Recently, Cassidy and I got the chance to review a few books from Canterbury Classics that combine both powerful stories with enchanting illustrations. So, get ready because we have three #RealQuickReviews that’ll leave you wanting to get in touch with some old tales.
The Brothers Grimm Fairy Tales: An Illustrated Classic
If you’re a huge fan of That’s Normal (and really who isn’t?), then I shouldn’t have to explain what The Brothers Grimm Fairy Tales is all about. But, just in case you’ve been living a rock for the past two hundred plus years, the Brothers Grimm were German scholars who collected urban legends and folklore that they had heard throughout the years and published it.
While the stories may all be the same, it’s Arthur Rackham’s illustrations that really make this book one you can’t wait to read to your kids. The pages have gold edges and are nice and thick, but not so thick you’d think you turned multiple pages at once (personal pet peeve). A red ribbon is attached inside the book to help you and your family keep track of which enchanting tale you left off on.
This book includes thirty-five classic stories, some of which were old favorites that made me remember reading them as a child, and some lesser-known stories that I have never heard of but totally enjoyed reading. My favorite story is Rumpelstiltskin, and not only does this book have that story, but Ol’ Rumps looks EXACTLY like I’ve always pictured him!
Check out these new illustrations with these classic tales, you won’t be sorry. The Brothers Grimm Fairy Tales: An Illustrated Classic
Dark Tales: The Snow Queen
Frozen The Snow Queen:
So, I fully admit to never having read The Snow Queen by Hans Christian Andersen, that’s why I wanted to review it. I feel really silly because as I’m reading this graphic novel, I’m thinking to myself: this just seems awfully similar to Disney’s Frozen. Color me surprised to find out that Frozen was based off of this tale.
I liked the illustrations in this graphic novel, they were the right amount of creepy and non-creepy that would make this a good book for kids who would like to start reading graphic novels. The seven vignettes of Andersen’s original story are all present here as well. For me, this book hits all the marks.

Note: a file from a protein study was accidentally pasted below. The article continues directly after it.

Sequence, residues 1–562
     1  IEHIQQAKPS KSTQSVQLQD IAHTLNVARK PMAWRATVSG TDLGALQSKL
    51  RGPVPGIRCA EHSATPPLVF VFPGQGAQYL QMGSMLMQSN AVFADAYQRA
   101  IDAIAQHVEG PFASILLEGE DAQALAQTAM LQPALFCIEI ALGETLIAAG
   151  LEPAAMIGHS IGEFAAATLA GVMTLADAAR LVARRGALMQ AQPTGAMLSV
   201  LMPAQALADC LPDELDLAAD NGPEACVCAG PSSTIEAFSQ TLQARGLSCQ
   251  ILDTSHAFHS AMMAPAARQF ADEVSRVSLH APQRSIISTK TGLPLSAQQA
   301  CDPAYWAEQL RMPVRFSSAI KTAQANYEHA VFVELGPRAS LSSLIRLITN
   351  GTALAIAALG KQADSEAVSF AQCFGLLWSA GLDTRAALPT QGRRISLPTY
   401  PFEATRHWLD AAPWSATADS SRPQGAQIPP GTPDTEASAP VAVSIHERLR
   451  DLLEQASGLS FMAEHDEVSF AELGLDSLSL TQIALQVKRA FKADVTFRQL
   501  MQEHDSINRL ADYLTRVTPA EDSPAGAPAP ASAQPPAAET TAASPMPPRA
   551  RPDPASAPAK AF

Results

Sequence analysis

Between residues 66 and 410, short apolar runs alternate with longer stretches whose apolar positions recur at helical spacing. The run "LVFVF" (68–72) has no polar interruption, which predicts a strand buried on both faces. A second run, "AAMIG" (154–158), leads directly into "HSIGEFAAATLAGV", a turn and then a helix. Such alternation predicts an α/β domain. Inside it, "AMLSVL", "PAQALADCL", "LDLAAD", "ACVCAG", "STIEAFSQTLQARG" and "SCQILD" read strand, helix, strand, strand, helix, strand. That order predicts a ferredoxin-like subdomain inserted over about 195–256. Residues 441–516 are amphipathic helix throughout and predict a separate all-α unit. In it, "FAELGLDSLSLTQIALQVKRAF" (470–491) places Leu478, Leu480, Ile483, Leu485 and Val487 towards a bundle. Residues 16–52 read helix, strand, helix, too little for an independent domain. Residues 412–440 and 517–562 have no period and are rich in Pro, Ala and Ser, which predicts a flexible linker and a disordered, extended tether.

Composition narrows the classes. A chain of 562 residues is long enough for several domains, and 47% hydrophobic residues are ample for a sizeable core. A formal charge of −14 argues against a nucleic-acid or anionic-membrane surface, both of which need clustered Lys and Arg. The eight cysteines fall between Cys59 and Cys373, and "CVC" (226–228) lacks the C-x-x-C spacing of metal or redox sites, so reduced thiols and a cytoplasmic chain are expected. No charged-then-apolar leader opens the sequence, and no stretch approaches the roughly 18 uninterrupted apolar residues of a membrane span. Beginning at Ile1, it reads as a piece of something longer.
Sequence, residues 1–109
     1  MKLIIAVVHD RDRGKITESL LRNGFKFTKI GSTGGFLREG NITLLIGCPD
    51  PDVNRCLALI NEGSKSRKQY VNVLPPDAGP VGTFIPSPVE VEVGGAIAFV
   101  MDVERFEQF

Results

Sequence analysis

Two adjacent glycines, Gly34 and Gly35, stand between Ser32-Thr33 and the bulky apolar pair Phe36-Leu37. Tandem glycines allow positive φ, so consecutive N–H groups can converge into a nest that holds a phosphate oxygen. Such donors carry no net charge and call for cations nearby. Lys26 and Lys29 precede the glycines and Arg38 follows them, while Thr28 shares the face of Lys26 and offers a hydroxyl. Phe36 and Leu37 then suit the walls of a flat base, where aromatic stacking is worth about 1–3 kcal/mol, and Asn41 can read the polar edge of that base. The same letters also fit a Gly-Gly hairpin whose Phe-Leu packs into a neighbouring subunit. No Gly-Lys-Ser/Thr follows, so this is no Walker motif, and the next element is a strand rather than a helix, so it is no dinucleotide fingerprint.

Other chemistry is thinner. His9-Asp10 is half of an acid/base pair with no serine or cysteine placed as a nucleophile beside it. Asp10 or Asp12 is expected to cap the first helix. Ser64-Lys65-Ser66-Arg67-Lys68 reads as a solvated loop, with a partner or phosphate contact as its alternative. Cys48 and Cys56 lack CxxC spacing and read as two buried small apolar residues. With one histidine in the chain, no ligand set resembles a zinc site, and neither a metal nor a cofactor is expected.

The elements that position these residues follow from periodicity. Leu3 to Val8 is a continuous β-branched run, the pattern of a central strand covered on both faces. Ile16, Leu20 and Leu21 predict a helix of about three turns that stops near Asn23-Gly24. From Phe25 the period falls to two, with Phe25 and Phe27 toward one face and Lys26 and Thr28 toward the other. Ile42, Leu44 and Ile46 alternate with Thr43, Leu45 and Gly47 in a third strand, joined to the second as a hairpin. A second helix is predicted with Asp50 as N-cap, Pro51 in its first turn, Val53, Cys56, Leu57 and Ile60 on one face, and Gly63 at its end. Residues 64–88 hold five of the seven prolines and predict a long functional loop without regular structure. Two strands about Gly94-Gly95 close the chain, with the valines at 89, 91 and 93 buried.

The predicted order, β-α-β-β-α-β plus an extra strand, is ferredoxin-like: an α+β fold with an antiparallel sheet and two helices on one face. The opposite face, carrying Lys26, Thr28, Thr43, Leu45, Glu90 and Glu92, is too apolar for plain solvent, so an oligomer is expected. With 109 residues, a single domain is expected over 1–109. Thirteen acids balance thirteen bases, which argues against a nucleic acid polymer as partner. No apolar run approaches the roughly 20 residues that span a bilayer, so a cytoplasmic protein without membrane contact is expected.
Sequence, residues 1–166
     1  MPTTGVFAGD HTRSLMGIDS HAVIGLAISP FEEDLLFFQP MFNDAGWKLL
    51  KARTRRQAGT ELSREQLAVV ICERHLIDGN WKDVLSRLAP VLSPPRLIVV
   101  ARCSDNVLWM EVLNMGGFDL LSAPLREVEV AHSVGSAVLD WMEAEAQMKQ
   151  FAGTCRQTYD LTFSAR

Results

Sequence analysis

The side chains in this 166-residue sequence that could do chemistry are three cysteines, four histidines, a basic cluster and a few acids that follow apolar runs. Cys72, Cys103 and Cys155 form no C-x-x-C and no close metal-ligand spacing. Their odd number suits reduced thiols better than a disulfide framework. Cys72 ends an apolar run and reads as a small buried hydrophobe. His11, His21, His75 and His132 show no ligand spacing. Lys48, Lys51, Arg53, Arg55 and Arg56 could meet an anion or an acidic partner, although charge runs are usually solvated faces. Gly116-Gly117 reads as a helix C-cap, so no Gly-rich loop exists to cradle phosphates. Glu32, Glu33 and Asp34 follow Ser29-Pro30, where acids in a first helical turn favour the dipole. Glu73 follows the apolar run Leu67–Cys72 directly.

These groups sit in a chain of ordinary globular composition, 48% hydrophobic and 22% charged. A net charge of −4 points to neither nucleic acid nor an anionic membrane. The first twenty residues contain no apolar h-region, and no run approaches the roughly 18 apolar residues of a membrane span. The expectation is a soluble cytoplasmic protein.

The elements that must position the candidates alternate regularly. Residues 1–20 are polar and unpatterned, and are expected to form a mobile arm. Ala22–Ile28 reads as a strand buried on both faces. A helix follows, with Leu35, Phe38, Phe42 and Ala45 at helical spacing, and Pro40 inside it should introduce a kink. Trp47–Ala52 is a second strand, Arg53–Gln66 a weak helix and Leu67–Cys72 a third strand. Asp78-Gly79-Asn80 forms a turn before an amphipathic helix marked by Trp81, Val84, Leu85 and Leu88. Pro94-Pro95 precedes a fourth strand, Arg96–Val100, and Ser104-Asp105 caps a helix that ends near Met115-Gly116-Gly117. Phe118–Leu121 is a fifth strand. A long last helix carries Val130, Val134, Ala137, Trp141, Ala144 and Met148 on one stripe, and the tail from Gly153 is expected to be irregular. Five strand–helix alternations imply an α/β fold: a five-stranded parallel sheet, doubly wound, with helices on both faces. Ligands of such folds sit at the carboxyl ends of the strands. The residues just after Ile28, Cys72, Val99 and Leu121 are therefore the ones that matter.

The story starts off with some crafty little demons making a mirror that allows you to see the “true” side of what you’re looking at. When that mirror gets smashed and turns to dust, it falls down upon some people and basically turns them into a bunch of jerks. Kay, Gerda’s BFF and future husband (#TeamKay) gets led astray by the Snow Queen and Gerda goes after her friend. What follows is a wild tale with a lot of talking animals, but no talking rock-troll things that sing, so it’s already way better than Frozen.
This story is definitely a keeper for me. Check out Dark Tales: The Snow Queen: A Graphic Novel. Now Available.
Dark Tales: The Call of Cthulhu
H.P. Lovecraft’s horror masterpiece, The Call of Cthulhu, was first published as a short story in 1928 and, not surprising, it’s weird as hell (it’s Lovecraft after all). It follows Francis Wayland Thurston as he investigates the notes left behind by his late uncle, a linguistic professor who died suddenly. In this world, gods have fallen from the stars and lay dormant. The strongest of which is Cthulhu who waits to call upon his cult, as one does. If you’re like, how the hell do I even pronounce this shit, here you go: Khlûl′-hloo. (Lovecraft says the first part is “guttural,” but fuck it. Just say Kuh-thu-loo).
The creature drenched tale plays across Dave Shephard’s blunt panels with a sometimes abrupt over-explanatory pacing and at other times an epic unfolding.
The Call of Cthulhu lends itself well to a visual medium. Taking place in the 1920s the art feels like a throwback to classic comic style, with simplistic layouts and bold inkings. For a 2018 graphic novel, this gives it an interesting vintage vibe. I feel a bit transported into the Bronze Age of comics. About halfway through though, this style loosens with regards to the aliens/gods appearing. Appropriately, they feel monolithic and inescapable.
To criticize this graphic novel would be to criticize Lovecraft and it’s pretty well established that this tale is a damn cult phenomenon. Shephard made minor changes, but the meat is there. While Shephard gets off to a clunky start, by the halfway point he’s hit his stride.
Ultimately though Lovecraft isn’t for everyone so this might not be your jam if you think that Annihilation got “too weird.”
Also if you think that you are wrong. Get Dark Tales: The Call of Cthulhu: A Graphic Novel. Now available.